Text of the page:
It stands to reason that as the quantity of media outlets by which influencers can reach their potential audiences increases, and the general digital transformation of our world attracts evermore target customers, influencers need to remain one step ahead of the game when it comes to promoting brands.
Influencer Marketing Managers must ensure they adopt technological changes and social media trends proactively so that they partner with influencers’ who have audiences that are consuming relevant and engaging content.
Put simply, influencers must be drivers, not passengers, and their canny use of contemporary digital tools like digital adoption software can put them firmly in that driver’s seat. Let’s look at how they can make that happen, but first, let’s loosely define the different types of influencers and their common advantages to brands.
Influencers and brand ambassadors tend to be categorised in terms of their outreach, the smallest being nano influencers, then micro influencers, with macro influencers having the largest audiences.
Which influencers are right for your brand?
Nano influencers tend to focus on geographical locality or niche communities in terms of the people who follow them. A nano influencer might be a community kingpin in their city or even a suburb.
A nano influencer might extend their reach to become internationally famous. Imagine a photographer with a bit oftalent who might be lucky enough to live by a famous beauty spot or geographically famous landmark. They can take and post daily photos of the iconic places near them, and quickly become very popular.
For example, someone living a couple of miles away from The Grand Canyon has the opportunity of providing daily images of it in various lighting and weather conditions. A bit of Photoshop later and that local Joe with a digital SLR (single lens reflex camera) could become the next Ansel Adams.
From a brand’s point of view, in the case of Joe, our Grand Canyon photographer, working with him is going to be much more cost-effective compared to handling established macro influencers. Nikon or Canon might collaborate with Joe for a year or more with by supplying him with the latest camera kit and a couple of free flight tickets to a photo trade show in New York City. That’s a win / win for influencer, brand and audience combined.
Collaborating with nano influencers in this way can be a great strategy for brands seeking to connect with a specific audience (say landscape photographers), a geographic area (in this case maybe the Arizona tourist board), or any niche fan base.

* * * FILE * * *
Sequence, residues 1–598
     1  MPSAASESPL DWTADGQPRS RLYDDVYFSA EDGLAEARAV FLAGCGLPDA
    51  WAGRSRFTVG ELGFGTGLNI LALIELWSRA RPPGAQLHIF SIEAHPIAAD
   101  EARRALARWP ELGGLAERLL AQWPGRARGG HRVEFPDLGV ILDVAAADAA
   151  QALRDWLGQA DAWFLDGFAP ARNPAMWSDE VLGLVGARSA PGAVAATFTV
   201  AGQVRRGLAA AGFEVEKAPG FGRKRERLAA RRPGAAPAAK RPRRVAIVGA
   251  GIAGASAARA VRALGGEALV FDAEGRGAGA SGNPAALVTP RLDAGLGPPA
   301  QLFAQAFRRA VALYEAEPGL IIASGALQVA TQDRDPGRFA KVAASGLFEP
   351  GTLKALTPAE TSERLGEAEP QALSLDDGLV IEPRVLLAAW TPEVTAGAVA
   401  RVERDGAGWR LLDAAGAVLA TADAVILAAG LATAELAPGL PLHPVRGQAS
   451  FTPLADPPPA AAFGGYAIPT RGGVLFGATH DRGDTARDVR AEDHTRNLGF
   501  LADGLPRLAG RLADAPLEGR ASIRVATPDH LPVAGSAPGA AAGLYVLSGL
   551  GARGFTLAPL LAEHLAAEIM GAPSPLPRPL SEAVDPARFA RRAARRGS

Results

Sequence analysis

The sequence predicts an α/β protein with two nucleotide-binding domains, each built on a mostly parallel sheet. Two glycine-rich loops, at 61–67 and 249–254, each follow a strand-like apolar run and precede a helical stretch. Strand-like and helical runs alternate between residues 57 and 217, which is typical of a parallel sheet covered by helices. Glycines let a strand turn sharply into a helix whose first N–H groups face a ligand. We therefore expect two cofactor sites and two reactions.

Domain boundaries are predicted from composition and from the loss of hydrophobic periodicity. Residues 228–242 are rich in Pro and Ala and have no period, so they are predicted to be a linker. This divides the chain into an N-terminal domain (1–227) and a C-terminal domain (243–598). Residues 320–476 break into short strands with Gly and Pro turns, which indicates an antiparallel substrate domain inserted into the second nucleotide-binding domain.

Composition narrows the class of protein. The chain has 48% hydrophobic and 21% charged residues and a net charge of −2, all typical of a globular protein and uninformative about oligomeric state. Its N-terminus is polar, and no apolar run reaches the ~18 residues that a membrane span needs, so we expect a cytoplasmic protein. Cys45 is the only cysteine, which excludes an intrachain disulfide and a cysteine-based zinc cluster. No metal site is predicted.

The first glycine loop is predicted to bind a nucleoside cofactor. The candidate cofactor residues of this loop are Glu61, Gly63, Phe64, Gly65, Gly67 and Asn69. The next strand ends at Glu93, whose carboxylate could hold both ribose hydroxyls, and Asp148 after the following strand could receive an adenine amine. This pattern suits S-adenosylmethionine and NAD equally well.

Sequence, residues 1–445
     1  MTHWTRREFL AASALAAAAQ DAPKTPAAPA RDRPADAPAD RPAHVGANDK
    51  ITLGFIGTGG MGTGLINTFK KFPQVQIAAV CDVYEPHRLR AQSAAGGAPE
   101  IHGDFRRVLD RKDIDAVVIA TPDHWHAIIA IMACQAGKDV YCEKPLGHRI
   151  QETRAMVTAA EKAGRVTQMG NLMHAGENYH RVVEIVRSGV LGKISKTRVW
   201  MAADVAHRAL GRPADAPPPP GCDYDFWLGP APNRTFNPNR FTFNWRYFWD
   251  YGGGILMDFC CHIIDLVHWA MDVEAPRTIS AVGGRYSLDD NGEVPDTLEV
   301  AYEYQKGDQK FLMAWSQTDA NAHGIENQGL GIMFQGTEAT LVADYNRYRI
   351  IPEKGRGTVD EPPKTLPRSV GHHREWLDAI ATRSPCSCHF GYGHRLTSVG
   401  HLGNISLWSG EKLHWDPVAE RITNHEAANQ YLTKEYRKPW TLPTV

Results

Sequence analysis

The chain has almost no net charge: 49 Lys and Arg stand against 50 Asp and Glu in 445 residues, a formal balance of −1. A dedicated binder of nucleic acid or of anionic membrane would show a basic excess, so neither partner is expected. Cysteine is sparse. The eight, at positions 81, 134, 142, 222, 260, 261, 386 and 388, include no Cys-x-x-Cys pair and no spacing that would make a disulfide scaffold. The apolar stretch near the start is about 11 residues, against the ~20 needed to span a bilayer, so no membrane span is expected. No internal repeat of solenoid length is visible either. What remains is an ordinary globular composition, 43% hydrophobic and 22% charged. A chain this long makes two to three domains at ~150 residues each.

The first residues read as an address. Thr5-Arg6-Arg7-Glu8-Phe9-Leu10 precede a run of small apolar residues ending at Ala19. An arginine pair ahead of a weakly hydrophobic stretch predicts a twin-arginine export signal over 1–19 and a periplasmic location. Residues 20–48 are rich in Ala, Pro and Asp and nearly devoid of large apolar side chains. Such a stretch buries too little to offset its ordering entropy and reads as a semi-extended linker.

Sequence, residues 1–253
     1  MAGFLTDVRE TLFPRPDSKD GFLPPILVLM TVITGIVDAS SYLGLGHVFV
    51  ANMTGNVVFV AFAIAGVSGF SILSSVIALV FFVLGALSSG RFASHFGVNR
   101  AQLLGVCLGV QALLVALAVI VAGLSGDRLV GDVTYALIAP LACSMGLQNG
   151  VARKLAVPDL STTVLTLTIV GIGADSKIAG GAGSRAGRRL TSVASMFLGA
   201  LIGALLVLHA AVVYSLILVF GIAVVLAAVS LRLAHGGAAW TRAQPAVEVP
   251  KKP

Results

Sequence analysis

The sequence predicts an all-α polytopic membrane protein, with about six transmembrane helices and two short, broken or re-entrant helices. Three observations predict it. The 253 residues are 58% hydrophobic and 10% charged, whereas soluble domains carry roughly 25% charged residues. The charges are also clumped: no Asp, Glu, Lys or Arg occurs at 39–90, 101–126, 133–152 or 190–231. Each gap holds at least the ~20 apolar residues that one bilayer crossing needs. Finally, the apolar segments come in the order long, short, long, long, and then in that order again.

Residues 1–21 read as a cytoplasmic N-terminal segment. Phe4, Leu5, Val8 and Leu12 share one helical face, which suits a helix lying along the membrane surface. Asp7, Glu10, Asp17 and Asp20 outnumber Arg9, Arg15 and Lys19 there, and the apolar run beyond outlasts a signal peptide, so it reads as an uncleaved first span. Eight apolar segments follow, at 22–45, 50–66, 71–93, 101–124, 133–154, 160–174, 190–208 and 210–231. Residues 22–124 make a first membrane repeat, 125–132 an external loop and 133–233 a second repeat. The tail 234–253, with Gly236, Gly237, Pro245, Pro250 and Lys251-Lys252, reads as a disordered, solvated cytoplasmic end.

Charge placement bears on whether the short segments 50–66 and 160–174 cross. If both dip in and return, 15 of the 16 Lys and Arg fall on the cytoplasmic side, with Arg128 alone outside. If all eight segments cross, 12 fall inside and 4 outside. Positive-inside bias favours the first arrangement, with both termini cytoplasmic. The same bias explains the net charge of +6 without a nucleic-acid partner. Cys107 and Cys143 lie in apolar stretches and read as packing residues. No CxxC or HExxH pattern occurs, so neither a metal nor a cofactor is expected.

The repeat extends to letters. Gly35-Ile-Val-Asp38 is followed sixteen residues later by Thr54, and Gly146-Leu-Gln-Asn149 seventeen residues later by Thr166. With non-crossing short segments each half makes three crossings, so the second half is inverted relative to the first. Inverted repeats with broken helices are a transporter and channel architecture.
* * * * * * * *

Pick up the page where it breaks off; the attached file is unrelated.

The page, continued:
Micro influencers are generally categorized to have a following in the range of, say, 1,000 to 100,000 followers. They often have higher engagement rates compared to influencers with much larger audiences.
One important rule holds true for influencers: the smaller the audience the more ‘loyal’ it tends to be. You only have to look at small town baseball teams in the USA or market town soccer club fans in the UK.
For those people, missing a match or not traveling to an ‘away game’ is tantamount to apostasy. However, UK soccer team Manchester United probably has a billion fans across the planet, of whom barely 1% have ever visited Manchester, let alone attended Old Trafford.
Micro influencers may be happy to work with brands for less money or on a barter basis for products, whereas influencers with a greater following often demand higher rates for their services. Furthermore, micro influencers usually instill a strong sense of credibility within their niche audience.
With a following exceeding 100k and into the millions, macro influencers reach the largest quantity of people, but the fierce loyalty of the smaller audience is missing. Little more can be said about this obvious truth; however it begs the question:
If a micro influencer with a 30k audience has a diehard loyal following, but a macro influencer with 500k followers has 10 times the audience, but on a more casual basis – which one provides the best value for money (i.e. sales turnover) for their brand?
The only way to answer that crucial question is by studying data. Only by adopting data analytics and deft use of dashboards can truly assess exactly what happens when a person reads an influencer’s post, then goes on to purchase a product that may have been recommended.
But with the increase of digital outreach, consumers have become more discerning and cynical. Influencers must adapt by being very open about collaborations with brands supplying sponsored content. What’s more, influencer marketing strategies must also evolve as a result of their analytics’ findings.
Digital transformation has disrupted influencer marketing strategies by enabling data-driven decision-making, expanding audience reach, augmenting the need for authenticity and openness, while diversifying platforms and integrating content with the needs of eCommerce.
Brands that adapt to digital analysis and drive trends (as opposed to following them) by leveraging digital tools effectively can take influencer marketing to new heights year on year.
If your brand is smaller, you may want to focus your efforts on nano and micro influencers, to begin with, ensuring that you do due diligence to check that their audience aligns with your target market.
Larger brands find using a mix of nano, micro and macro influencers generates the most brand awareness, ROI, and sales. As you grow, you may find it beneficial to build towards having all types of representatives for your brand.
UGC cover image: @am_blurr for PopSockets.